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LINGUISTICS UNIVERSITY OF CALICUT III SEMESTER COMPLEMENTARY COURSE OF BA SANSKRIT

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LINGUISTICS UNIVERSITY OF CALICUT III SEMESTER COMPLEMENTARY COURSE OF BA SANSKRIT
LINGUISTICS
III SEMESTER
COMPLEMENTARY COURSE OF BA SANSKRIT
(CUCBCSS – 2014 Admission onwards)
UNIVERSITY OF CALICUT
SCHOOL OF DISTANCE EDUCATION
CALICUT UNIVERSITY.P.O., MALAPPURAM, KERALA, INDIA – 673 635
SCHOOL OF DISTANCE EDUCATION
UNIVERSITY OF CALICUT
SCHOOL OF DISTANCE EDUCATION
STUDY MATERIAL
III Semester
(CUCBCSS – 2014 Admission onwards)
Complementary course of BA SANSKRIT
LINGUISTICS
Prepared by
Sri. A.VASU
ASSISTANT PROFESSOR
DEPARTMENT OF SANSKRIT
SNGS COLLEGE, PATTAMBI,
PALAKKAD
Scrutinised by
Dr.PUSHPADASAN KUNIYIL
ASSISTANT PROFESSOR
DEPARTMENT OF SANSKRIT
SNGS COLLEGE, PATTAMBI,
PALAKKAD
Layout:
LINGUISTICS
Computer Section, SDE
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LANGUAGE
Language is our most effective means of communication. The term language is derived
from the Latin word Lingue meaning tongue. Aristotle says that “Speech is the representation of
the experience of mind’.’ Language is a system of communication used by people living in the
society. There is therefore a very close relationship between society and language. Language
may be defined the expression of thought by means of speech. Language is that human
expression which uttered out by speech organs. It is defined as a system of conventional, spoken
or written symbols by means of a social group and participants in its culture. We communicate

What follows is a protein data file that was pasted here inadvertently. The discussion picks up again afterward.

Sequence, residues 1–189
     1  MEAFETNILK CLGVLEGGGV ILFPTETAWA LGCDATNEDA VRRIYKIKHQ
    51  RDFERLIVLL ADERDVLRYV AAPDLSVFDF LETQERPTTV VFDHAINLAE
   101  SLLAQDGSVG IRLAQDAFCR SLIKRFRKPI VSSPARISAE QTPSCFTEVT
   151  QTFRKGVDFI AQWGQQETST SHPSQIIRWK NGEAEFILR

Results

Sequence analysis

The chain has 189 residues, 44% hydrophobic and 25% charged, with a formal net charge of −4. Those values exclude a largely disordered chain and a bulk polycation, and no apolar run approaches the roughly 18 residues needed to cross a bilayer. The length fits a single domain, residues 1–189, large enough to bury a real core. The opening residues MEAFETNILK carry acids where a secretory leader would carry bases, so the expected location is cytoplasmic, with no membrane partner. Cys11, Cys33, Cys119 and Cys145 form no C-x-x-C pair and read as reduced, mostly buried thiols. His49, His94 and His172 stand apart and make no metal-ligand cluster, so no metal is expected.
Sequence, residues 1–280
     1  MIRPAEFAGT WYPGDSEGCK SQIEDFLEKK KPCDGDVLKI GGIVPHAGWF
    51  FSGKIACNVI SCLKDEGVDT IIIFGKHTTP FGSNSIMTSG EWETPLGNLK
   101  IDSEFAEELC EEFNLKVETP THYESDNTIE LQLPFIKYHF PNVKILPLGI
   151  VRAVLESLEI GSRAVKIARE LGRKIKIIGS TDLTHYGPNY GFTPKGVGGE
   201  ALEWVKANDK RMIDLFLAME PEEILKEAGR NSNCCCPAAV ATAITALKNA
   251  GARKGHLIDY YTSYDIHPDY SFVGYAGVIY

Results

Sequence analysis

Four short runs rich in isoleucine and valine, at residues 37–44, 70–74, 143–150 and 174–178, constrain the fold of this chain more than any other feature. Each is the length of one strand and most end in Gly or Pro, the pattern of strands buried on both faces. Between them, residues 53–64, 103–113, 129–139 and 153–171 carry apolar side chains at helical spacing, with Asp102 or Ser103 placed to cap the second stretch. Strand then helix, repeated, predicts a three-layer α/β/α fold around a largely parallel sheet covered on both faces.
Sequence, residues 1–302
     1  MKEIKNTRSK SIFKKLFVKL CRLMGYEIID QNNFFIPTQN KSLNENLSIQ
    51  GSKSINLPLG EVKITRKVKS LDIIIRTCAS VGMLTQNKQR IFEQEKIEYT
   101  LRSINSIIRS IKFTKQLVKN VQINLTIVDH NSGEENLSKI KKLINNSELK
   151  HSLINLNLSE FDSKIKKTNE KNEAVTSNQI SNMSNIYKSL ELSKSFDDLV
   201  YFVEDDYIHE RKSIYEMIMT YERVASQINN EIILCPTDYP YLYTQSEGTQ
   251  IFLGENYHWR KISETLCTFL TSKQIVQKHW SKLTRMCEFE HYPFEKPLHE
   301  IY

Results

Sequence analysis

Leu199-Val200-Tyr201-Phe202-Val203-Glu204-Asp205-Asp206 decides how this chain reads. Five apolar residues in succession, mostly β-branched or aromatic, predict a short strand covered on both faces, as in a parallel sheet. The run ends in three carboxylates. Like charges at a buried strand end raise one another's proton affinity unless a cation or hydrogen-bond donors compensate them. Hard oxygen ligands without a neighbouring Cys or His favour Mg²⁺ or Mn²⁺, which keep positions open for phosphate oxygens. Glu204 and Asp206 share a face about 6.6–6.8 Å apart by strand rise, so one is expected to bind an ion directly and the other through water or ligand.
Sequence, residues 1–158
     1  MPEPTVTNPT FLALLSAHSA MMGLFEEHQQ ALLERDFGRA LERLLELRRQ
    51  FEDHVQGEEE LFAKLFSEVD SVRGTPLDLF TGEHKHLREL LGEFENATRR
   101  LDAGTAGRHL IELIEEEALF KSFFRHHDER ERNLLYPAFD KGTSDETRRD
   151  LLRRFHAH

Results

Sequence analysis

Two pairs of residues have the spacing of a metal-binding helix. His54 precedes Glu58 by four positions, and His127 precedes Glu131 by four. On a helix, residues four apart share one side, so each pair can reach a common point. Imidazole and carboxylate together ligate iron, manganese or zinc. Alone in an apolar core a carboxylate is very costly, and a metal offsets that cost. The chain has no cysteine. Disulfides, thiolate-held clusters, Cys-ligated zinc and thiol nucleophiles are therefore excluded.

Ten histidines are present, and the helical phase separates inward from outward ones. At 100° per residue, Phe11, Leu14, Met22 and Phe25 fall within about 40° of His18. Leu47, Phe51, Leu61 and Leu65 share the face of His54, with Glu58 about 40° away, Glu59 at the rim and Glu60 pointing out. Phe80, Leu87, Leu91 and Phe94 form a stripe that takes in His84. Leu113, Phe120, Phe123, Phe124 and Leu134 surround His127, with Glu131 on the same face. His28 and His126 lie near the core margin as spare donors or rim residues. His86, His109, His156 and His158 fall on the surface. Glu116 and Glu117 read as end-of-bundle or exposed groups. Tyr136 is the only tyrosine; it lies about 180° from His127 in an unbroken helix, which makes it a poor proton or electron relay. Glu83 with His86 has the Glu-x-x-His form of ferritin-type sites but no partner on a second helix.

with others through speech and writing communication is more effective when we speak. We can
make use of variations in voice gesture and other features to reinforce what we say.
Philology is the science of language. The word philology should meant ‘love of
knowledge’ in Greek. The Greek word ‘logia’ means ‘knowledge’ and the usual way that ‘logia’
appears in English is in the form the literary points of view. In ancient times the study of
language was persuade chiefly in the form of the discipline called Grammar with the conduct of
new people speaking new language there came a need for men to study new language which
resulted in the discovery of certain group of language . This gave rise to the comparative and
historical study of language.
The beginning of comparative philology was in the dawning years of the 19th century
AD. The word philology was first used by the Greek scholars denoting the ‘the study of literature
‘and ‘literary criticism’ It gives stress to a scientific approach towards literature on language.
Derivations of the term philology
The term philology is derived from two German words ‘Philos’and ‘Logos’. ‘philos’
means ‘Love ’ ‘Logos’ means ‘speech’ . Thus philology means ‘Love of speech’ and the term
can be defined as the systematic study of speech or language shortly it can be called as the
‘science of language’. Regarding the word philology another derivation is that it is the union
between two words ‘Phil’and ‘Ology’. The first word ‘Phil ‘denotes something elementary
‘Ology’ means ‘Science’. Thus it is a science which concentrate more on the elementary and
physiological aspects of a language than their physical features. Both these terms and two ways
of explanation can be traced to the intended meaning of the science of language.
NATURE AND SCOPE OF COMPARATIVE PHILOLOGY
Language is the mode of expression of thought by means of articulate sounds. It is a human
organism. The basic elements of language are sounds and meanings attached to them. Each man
masters one or the other language from early child hood as a natural part of his mental heritage
and goes on using it through his life.
“Language may be defined as the expression of thought by means of speech sounds” (Henry
Sweet) every sentence or word by which we express our ideas has a certaindefinite form and
more or less, a definite meaning. ‘This duality of form and meaning constitute the physical and